Hard-coded creds, flaws galore, plague pricey peepers
Hack in the Box Swiss researcher Gianni Gnesa says the most popular network surveillance cameras currently sold on Amazon contain easy remote exploitable vulnerabilities that allow hackers to gain admin access and quietly peer through lenses.
Matthew Keys' case proves yet again that the CFAA hacking laws are inappropriate and open up the possibility of excessive sentences, activists argue. Keys himself tells FORBES CFAA is being used to target journalists.
12 hours ago Top tips to stay safe on public Wi-Fi networksZDNet View Synopsis+1
There are a number of quick and easy ways to improve your personal privacy and safety when using public Internet services.
10 hours ago 5 Lessons From the Summer of Epic Car HacksWIRED View Synopsis+1
For the last three months, car hackers' terrifying abilities have been on full display. Now we filter out the fear and focus on what we've learned.
The post 5 Lessons From the Summer of Epic Car Hacks appeared first on WIRED.
9 hours ago Appetites for more: Government actionsSC Magazine View Synopsis+1
Cybersecurity is a technical challenge. But it also usually has a legal and regulatory aspect as well.
A team of researchers has demonstrated that the cost of breaking the SHA1 cryptographic hash function is lower than previously estimated, which is why they believe the industry should accelerate migration to more secure standards.
Computer hackers in China, South Korea and Germany tried to attack Democratic presidential candidate Hillary Clinton's private email server after she left the U.S. State Department in February 2013, the Associated Press reported on Thursday. "It was not immediately clear whether the attempted intrusions into Clinton's server were serious espionage threats or the sort of nuisance attacks that hit computer servers the world over," the AP said, citing a congressional document. In a letter to Secnap Network Security Corp, which provided the threat monitoring product connected to the server, U.S. Senate Homeland Security and Government Affairs Committee Chairman Ron Johnson, a Wisconsin Republican, asked the Florida-based cyber security company for documents related to its work with Clinton's server.
Read this before you throw away another boarding pass! What?s in a Boarding Pass Barcode? A Lot
1 day ago Angler Ransomware Campaign DisruptedInfoRiskToday View Synopsis+1
Cybercriminals Earned Millions Annually, Cisco SaysA cybercrime ring that employed the Angler Exploit Kit to earn an estimated $34 million per year - from ransomware infections alone - has been disrupted by security researchers at Cisco's Talos security intelligence and research group.
1 day ago Passing the Sniff (Snort) TestSANS Reading Room View Synopsis+1
They go by several names: Bloatware. Trialware. Pre-installation-ware. Some of them are completely innocuous. Many are designed to automate harvesting of information from the user. The line between these "unwantedware" and malware is thinning. Whether they arrive in our networks from a less-than-perfect supply chain, or as a natural result from Bring-Your-Own-Device (BYOD) policies, or even as an aggressive customer support "service" from the manufacturer, unwantedware shall exist. On the best of days, network defenders will identify, mitigate, and remove said software from their organization in the hopes that it cannot come back. Unfortunately, these herculean efforts are not enough. Users will ignore warnings from the security administrators. Users will pay lip service to the security training their organization provides. Users will rationalize intrusions into their devices through a myriad of worthless excuses: "I'm really boring", or "Anyone who wants to spy on me will have a lot of nothing to do", or "I'm really ugly, turning on my webcam would hurt THEM." Time and again users have shown that they are incapable of understanding the risks involved, they must be trained to dislike being spied on. In this paper we will examine unwanted data exfiltrations initiated by software we are told to trust, be it prepackaged software, chatty smartphone apps, or smart television applications. We will also present methods for detecting said exfiltrations, determining what data is being sent, and alerting the user in a meaningful way.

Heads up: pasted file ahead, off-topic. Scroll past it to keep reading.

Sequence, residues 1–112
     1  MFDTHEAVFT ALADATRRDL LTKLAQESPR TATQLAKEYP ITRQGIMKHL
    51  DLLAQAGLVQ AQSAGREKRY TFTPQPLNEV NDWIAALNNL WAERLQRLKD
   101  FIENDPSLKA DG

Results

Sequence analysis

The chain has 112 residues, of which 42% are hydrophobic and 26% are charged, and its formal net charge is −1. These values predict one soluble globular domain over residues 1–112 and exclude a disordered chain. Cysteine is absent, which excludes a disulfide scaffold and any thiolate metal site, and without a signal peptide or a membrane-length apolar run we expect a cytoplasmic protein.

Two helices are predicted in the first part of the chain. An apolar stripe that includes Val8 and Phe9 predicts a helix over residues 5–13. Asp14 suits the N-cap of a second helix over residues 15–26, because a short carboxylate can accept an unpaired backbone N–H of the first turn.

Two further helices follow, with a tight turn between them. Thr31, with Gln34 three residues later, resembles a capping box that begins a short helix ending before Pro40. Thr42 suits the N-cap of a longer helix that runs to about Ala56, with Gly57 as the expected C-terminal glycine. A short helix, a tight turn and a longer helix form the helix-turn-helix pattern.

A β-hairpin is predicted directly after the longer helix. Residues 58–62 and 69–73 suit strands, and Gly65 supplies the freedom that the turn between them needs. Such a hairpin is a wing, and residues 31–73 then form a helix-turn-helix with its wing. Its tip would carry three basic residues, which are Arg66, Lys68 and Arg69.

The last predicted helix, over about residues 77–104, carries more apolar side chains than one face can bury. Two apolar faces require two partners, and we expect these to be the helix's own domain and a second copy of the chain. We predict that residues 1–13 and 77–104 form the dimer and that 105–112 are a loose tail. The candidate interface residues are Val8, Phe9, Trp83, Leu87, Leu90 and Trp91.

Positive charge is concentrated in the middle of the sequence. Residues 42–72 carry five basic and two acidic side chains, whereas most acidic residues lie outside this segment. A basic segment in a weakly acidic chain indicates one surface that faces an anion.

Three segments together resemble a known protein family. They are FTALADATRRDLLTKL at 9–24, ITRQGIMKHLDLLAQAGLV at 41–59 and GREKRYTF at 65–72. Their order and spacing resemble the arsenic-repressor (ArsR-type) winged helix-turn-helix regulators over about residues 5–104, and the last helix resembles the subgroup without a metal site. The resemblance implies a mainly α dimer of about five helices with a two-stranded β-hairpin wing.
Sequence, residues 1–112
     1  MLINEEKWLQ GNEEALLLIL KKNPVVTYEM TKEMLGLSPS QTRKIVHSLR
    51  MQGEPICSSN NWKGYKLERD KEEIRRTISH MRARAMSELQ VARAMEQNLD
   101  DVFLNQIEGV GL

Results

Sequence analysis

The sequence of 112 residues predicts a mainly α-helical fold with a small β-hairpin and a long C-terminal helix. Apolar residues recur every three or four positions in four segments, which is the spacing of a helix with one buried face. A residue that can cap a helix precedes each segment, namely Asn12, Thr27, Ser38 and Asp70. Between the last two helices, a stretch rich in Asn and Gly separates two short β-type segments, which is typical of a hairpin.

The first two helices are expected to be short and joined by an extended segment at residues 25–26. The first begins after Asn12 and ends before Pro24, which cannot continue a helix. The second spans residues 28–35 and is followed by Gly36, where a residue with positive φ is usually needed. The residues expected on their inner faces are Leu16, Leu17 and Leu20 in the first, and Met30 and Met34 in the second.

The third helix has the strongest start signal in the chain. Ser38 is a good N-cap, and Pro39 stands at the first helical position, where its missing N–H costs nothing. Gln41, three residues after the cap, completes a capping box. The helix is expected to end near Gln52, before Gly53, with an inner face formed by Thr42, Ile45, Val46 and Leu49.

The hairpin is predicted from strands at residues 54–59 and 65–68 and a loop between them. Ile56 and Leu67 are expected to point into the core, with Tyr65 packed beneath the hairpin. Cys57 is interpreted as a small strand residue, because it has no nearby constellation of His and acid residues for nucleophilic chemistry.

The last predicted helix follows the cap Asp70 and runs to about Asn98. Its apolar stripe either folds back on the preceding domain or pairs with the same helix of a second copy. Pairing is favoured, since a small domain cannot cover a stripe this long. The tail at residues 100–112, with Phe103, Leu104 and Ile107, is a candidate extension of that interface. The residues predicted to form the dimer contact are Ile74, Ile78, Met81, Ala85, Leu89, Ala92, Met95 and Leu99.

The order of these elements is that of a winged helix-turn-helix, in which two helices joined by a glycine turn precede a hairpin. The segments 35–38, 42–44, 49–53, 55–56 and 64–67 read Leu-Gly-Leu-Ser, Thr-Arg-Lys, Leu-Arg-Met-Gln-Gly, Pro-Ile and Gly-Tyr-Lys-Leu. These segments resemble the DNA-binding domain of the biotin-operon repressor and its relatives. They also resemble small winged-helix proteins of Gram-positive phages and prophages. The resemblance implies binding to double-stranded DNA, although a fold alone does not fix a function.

Researchers warn widely used algorithm should be retired sooner.
Security-conscious iOS 9 changes let you secure your devices even more. Cory Bohon shows you how it's done.
The company has already been served a contempt of court order for refusing to hand over the foreign data to the US government.
Twin brothers Muneeb and Sohaib Akhter were sentenced to prison by the Eastern District of Virginia for an array of offenses, including conspiracy to commit wire fraud, conspiracy to access a protected computer without authorization, conspiracy to access a government computer without authorization, and obstruction of justice.
Nabbed in operation targeting 'low-skilled' crooks
A UK voyeur who hacked webcams to spy on victims has avoided going to prison for his crimes.
IT security company High-Tech Bridge issued a security advisory on Wednesday for two reflected cross-site scripting (XSS) vulnerabilities in the Calls to Action WordPress plugin.
Webmail security sucks. But at least researchers can make big money by making a mockery of it, thanks to Microsoft's generous bug bounty program.
5 hours ago SHA-1 Freestart CollisionSchneier blog View Synopsis+1
There's a new cryptanalysis result against the hash function SHA-1:Abstract: We present in this article a freestart collision example for SHA-1, i.e., a collision for its internal compression function. This is the first practical break of the full SHA-1, reaching all 80 out of 80 steps, while only 10 days of computation on a 64 GPU cluster were necessary to perform the attack. This work builds on a continuous series of cryptanalytic advancements on SHA-1 since the theoretical collision attack breakthrough in 2005. In particular, we extend the recent freestart collision work on reduced-round SHA-1 from CRYPTO 2015 that leverages the computational power of graphic cards and adapt it to allow the use of boomerang speed-up techniques. We also leverage the cryptanalytic techniques by Stevens from EUROCRYPT 2013 to obtain optimal attack conditions, which required further refinements for this work. Freestart collisions, like the one presented here, do not directly imply a collision for SHA-1.